LAGOS (Reuters) - Nigeria will begin a “phased and gradual” easing of more than four weeks of lockdowns in the national capital and the largest city on May 4, President Muhammadu Buhari said in an address on Monday.
Lagos and Ogun states and the federal capital territory of Abuja entered lockdowns to tame the spread of the new coronavirus on March 30.
Confirmed cases of the new virus have roughly quadrupled since a lockdown extension was announced on April 13, to 1,273 cases and 40 deaths, most concentrated in Lagos and Abuja.
But Buhari said the lockdowns had come at a “very heavy economic cost,” stripping many citizens of their livelihoods.
“No country can afford the full impact of a sustained lockdown while awaiting the development of vaccines,” Buhari said.
Millions of Nigeria’s 200 million citizens, more than 20 million of whom live in Lagos, live on daily wages, and the lockdown left many without money to buy food.
Authorities will enforce an overnight curfew, from 8 p.m. to 6 a.m., and also will require all those who are out during the day to wear face masks.
The federal government will also enforce a ban on non-essential movement between Nigeria’s 36 states, a measure the governors’ forum had requested.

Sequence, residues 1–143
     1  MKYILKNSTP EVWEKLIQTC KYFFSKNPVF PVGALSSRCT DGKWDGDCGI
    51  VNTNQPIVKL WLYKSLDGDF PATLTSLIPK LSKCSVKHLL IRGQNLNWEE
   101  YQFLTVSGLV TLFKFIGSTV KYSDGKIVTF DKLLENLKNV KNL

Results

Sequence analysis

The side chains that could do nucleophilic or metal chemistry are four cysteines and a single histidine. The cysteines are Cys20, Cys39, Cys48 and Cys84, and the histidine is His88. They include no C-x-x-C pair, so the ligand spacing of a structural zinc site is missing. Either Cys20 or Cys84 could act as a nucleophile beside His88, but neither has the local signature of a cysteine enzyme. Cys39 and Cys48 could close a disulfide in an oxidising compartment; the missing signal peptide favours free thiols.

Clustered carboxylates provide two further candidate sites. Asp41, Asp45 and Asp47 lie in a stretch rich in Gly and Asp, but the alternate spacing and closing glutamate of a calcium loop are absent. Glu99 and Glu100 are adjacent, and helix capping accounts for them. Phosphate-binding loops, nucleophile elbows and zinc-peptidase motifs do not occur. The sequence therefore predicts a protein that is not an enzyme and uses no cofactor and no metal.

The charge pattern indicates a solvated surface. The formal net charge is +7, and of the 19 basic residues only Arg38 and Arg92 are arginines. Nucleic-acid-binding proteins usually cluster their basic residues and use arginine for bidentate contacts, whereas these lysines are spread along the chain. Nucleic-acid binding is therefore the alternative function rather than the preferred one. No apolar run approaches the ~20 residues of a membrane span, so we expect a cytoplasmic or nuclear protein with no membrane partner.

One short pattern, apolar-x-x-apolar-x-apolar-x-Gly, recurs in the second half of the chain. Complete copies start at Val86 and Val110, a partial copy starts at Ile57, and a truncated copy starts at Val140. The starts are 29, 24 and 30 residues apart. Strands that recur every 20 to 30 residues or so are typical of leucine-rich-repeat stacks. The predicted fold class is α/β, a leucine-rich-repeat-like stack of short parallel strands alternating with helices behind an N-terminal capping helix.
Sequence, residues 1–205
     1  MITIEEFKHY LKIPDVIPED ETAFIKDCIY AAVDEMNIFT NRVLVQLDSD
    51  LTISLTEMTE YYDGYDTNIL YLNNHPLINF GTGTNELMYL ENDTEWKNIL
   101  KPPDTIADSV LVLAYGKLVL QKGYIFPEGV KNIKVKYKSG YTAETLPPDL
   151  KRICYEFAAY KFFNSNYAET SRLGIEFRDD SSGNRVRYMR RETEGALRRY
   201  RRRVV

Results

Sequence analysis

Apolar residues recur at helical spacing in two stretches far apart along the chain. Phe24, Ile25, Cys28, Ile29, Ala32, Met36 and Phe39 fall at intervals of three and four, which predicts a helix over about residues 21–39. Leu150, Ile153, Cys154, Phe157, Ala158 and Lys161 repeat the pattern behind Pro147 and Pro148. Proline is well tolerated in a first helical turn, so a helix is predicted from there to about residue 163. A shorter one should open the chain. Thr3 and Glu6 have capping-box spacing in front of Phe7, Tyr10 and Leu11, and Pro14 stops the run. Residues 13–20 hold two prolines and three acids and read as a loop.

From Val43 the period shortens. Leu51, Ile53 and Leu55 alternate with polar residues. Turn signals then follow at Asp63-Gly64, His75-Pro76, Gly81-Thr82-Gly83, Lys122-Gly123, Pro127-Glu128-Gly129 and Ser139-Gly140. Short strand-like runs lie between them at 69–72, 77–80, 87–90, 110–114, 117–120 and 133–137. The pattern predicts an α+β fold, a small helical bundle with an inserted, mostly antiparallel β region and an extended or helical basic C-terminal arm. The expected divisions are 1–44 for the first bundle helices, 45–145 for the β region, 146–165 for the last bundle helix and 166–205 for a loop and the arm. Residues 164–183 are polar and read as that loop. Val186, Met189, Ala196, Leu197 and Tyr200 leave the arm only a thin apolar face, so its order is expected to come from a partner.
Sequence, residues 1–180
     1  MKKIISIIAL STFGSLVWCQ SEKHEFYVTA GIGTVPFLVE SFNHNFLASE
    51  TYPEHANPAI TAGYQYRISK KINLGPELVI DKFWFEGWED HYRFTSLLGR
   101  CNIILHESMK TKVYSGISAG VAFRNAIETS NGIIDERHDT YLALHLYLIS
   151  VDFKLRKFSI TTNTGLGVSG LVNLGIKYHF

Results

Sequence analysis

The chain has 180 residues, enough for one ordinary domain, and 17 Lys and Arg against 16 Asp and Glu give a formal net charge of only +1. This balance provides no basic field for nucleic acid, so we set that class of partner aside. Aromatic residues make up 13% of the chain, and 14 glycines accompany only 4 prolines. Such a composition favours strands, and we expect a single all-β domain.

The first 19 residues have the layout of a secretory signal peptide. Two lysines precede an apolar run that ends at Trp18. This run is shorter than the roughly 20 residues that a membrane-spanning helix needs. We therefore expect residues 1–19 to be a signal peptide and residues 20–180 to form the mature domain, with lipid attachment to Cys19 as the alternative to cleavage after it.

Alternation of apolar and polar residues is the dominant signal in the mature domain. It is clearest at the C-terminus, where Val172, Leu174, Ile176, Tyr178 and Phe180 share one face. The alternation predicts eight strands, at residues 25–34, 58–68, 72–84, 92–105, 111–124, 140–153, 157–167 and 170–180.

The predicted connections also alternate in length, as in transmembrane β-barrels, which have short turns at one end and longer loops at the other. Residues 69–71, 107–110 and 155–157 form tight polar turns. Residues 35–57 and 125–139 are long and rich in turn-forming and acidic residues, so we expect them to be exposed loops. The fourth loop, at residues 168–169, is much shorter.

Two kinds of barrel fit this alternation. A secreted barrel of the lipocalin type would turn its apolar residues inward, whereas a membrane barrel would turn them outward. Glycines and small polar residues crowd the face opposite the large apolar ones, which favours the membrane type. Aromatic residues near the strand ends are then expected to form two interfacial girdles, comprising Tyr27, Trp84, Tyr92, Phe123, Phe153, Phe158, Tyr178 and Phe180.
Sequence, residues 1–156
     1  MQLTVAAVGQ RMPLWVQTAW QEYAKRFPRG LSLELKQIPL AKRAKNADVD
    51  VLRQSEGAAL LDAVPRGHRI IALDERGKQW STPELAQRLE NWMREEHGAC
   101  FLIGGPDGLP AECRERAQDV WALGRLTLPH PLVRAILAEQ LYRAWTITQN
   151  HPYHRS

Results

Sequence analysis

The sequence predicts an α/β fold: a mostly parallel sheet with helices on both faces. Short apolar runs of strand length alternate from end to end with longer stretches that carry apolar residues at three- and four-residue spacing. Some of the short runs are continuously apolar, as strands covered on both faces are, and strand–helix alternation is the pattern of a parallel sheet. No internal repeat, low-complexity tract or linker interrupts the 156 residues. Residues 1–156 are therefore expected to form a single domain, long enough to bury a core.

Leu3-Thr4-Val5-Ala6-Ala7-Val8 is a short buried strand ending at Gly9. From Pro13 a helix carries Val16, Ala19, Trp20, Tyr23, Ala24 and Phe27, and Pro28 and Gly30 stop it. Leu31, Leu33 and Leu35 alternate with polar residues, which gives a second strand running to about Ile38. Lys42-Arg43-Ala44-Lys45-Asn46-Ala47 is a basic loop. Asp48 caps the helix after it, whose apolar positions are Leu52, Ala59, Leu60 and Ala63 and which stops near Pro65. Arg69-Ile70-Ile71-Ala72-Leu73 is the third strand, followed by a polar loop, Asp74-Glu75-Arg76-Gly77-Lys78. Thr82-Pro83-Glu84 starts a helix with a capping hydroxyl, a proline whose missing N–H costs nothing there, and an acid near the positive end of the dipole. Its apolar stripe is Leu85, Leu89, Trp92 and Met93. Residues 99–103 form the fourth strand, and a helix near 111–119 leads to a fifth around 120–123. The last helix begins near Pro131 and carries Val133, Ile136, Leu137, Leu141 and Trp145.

President Buhari, however, announced a new two-week lockdown in the northern state of Kano, effective immediately. Cases there have risen to 77, putting it behind only Lagos and Abuja, and public health authorities are investigating a reported spike in suspicious deaths in the economically powerful capital city of the same name.
Kano state’s governor began a lockdown there from April 16.
“The federal government shall deploy all the necessary human, material and technical resources to support the state in controlling and containing the pandemic,” Buhari said.
Additional reporting By Alexis Akwagyiram in Lagos and Paul Carsten and Felix Onuah in Abuja; Editing by Chris Reese and Jonathan Oatis
Our Standards: The Thomson Reuters Trust Principles.